The first and last days of the work week. These default to Monday and Friday. Days are numbered from 1 (Monday) to 7 (Sunday). WorkWeekBeg must come before WorkWeekEnd numerically so there is no way to handle a work week of Sunday to Thursday using these variables.

There is also no way to handle an odd work schedule such as 10 days on, 4 days off.

However, both of these situations can be handled using a fairly simple workaround.

To handle a work week of Sunday to Thursday, just set WorkWeekBeg=1 and WorkWeekEnd=7 and defined a holiday that occurs every Friday and Saturday.

To handle a 10 days on, 4 days off schedule, do something similar but defined a holiday that occurs on all of the 4 days off.

Both of these can be done using recurrences. Refer to the Date::Manip::Recur documentation for details.

WorkDay24Hr
WorkDayBeg
WorkDayEnd

If WorkDay24Hr is non-zero, a work day is treated as being 24 hours long. The WorkDayBeg and WorkDayEnd variables are ignored in this case.

By default, WorkDay24Hr is zero, and the work day is defined by the WorkDayBeg and WorkDayEnd variables. These are the times when the work day starts and ends respectively. WorkDayBeg must come before WorkDayEnd (i.e. there is no way to handle the night shift where the work day starts one day and ends another).

The time in both should be a valid time format (H, H:M, or H:M:S).

Note that setting WorkDay24Hr to a non-zero value automatically sets WorkDayBeg and WorkDayEnd to "00:00:00" and "24:00:00" respectively, so to switch back to a non-24 hour day, you will need to reset both of those config variables.

Similarly, setting either the WorkDayBeg or WorkDayEnd variables automatically turns off WorkDay24Hr.

TomorrowFirst

Periodically, if a day is not a business day, we need to find the nearest business day to it. By default, we'll look to "tomorrow" first, but if this variable is set to 0, we'll look to "yesterday" first. This is only used in the Date::Manip::Date::nearest_business_day method (and the Date_NearestWorkDay function) and is easily overridden (see documentation for the nearest_business_day method).

EraseHolidays
EraseEvents

If these variables are used (a value must be passed in, but is ignored), the current list of defined holidays or events is erased. A new set will be set the next time a config file is read in.

Although these variables are supported, the best way to have multiple holiday or events lists will be to create multiple Date::Manip::Base objects based on separate config files.

RECURRENCE CONFIGURATION VARIABLES

The following config variables help in the handling of recurrences.

RecurRange

When a recurrence is created, it begins with a default range (start and end date). The range selected depends on the value of this variable, and can be set to any of the following:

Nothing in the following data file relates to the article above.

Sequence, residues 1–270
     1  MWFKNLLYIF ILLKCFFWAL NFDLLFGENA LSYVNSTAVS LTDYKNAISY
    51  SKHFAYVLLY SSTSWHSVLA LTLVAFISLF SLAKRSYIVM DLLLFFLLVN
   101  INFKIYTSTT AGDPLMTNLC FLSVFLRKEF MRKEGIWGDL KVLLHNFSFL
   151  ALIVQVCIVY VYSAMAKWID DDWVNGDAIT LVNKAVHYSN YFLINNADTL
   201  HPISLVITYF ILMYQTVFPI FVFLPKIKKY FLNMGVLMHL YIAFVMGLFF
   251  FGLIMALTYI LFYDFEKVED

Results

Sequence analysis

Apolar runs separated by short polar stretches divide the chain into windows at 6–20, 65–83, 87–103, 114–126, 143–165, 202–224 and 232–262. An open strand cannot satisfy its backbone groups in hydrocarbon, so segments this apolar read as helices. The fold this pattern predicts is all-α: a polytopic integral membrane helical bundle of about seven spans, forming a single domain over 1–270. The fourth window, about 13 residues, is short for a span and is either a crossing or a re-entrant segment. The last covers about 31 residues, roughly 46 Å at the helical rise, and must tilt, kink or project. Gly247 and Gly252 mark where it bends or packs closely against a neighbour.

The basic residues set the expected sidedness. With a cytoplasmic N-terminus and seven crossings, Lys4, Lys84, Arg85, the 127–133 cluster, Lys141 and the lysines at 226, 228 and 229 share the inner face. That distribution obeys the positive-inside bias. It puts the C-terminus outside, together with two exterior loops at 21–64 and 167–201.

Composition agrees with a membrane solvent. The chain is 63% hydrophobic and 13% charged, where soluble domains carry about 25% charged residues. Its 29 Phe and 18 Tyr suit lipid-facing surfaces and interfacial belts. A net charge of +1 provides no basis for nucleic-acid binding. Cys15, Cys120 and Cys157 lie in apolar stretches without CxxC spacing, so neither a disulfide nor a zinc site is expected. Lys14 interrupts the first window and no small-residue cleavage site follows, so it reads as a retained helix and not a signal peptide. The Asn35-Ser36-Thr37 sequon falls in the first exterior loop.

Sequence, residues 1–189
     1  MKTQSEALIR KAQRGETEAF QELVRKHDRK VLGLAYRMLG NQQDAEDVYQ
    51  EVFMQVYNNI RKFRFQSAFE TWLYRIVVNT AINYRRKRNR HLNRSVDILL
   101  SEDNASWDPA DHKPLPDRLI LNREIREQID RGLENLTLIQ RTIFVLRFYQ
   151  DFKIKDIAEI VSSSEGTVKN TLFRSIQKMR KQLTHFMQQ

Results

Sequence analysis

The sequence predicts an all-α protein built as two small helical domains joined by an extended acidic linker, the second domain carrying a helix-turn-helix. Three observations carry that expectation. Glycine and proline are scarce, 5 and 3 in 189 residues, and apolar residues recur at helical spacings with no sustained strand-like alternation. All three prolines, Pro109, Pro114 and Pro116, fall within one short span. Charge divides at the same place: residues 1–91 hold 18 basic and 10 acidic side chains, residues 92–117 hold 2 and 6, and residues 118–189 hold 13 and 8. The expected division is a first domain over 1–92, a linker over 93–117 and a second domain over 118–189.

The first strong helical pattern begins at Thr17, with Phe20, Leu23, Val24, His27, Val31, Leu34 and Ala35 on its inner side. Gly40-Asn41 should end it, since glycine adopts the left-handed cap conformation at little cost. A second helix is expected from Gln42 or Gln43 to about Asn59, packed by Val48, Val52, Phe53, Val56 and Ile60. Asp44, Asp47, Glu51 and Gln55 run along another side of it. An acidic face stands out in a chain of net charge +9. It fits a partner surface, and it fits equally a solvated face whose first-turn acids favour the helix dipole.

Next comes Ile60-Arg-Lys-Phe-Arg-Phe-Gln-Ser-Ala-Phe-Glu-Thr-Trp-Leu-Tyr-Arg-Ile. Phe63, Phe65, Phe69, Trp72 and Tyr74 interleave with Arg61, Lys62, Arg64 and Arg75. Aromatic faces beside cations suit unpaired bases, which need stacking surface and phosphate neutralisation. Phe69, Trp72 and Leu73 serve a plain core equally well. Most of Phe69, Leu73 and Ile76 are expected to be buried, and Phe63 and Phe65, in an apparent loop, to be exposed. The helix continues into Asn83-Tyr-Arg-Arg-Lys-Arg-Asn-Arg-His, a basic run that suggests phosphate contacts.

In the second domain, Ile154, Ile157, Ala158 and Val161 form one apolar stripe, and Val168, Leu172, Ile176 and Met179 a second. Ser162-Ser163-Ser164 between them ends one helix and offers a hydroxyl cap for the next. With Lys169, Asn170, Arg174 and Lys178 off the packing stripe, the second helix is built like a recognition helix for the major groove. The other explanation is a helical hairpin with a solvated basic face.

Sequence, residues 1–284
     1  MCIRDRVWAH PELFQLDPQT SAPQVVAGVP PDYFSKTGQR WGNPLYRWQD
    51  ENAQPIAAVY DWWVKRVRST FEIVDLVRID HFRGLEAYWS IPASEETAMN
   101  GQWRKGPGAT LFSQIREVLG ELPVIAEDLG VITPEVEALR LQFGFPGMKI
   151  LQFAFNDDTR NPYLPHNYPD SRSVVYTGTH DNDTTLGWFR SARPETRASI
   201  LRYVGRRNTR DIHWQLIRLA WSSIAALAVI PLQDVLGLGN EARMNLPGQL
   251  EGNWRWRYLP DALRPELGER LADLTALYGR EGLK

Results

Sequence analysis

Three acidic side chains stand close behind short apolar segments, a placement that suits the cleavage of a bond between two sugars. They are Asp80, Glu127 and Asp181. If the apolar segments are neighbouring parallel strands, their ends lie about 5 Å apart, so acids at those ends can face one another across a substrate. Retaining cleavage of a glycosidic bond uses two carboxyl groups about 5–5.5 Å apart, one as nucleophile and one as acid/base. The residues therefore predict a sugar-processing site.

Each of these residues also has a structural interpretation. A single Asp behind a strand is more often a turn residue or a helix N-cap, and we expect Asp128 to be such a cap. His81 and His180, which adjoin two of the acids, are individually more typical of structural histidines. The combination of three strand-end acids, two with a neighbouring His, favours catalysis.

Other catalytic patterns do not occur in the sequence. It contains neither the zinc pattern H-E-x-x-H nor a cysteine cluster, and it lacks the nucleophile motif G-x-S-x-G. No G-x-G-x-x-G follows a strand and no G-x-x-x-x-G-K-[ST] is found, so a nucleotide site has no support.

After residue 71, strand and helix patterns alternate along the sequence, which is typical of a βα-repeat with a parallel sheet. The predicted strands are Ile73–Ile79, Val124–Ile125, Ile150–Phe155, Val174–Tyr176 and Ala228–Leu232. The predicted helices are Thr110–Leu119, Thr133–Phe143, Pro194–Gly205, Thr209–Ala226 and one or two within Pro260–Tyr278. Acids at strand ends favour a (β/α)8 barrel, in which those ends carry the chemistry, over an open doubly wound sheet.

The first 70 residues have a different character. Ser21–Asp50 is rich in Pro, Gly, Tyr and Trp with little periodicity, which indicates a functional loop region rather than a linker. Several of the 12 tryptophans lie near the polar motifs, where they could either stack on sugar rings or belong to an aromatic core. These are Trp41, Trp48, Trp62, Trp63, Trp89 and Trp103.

none     no default range supplied
   year     the current year
   month    the current month
   week     the current week
   day      the current day
   all      Jan 2, 0001 to Dec 30, 9999

The default value is "none".

RecurNumFudgeDays

See the Date::Manip::Recur manual (the section on MODIFIERS) for information on this variable.

TIME ZONE RELATED CONFIGURATION VARIABLES

The following configuration variables may alter the current time zone. As such, they are only available once the Date::Manip::TZ module is available. An easy way to handle this is to only pass them to the config method of a Date::Manip::TZ object or one of the high level objects (Date::Manip::Date, Date::Manip::Delta, or Date::Manip::Recur).

Many of Date::Manip's operations rely on knowing what time it is now. This consists of three things: knowing what date and time it is, knowing what time zone it is, and knowing whether it is daylight savings or not. All of this is necessary in order to correctly handle every possible date.

The daylight savings time is only used for a couple hours each year during daylight saving time changes (at all other times, the date, time, and time zone are sufficient information), so it is optional, and defaults to standard time if omitted.

The default behavior of Date::Manip is to use the system localtime function to determine the date, time, and daylight savings time information, and to use various methods (see DETERMINING THE SYSTEM TIME ZONE in the Date::Manip::TZ documentation) to determine what time zone the computer is in.

TZ

This variable is deprecated, but will be supported for several releases. The SetDate or ForceDate variables (described next) should be used instead.

The following are equivalent:

    $date->config("tz","Europe/Rome");
    $date->config("setdate","now,Europe/Rome");
SetDate

The SetDate config variable is used to set the current date, time, or time zone, but then allow it to change over time using the rules of that time zone.

There are several cases where this may be useful.

Often, you may want to use the system time to get the date and time, but you want to work in another time zone. For this, use the call:

   $date->config("setdate","now,ZONE");

If it is currently

   Jun 6, 2009 12:00:00 in the America/New_York time zone

and you call:

   $date->config("setdate","Europe/Rome");

the Date::Manip will treat that exact instant as

   Jun 6, 2009 12:00:00 in the Europe/Rome time zone

At that precise moment, looking at the system time and parsing the date "now" in Date::Manip will give the same date and time.

The time will continue to advance, but it will use time change rules from the Europe/Rome time zone. What that means is that if a daylight savings time occurs on the computer, but NOT in the Europe/Rome time zone (or vice versa), the system date and time will no longer match the results of parsing the date "now" in Date::Manip.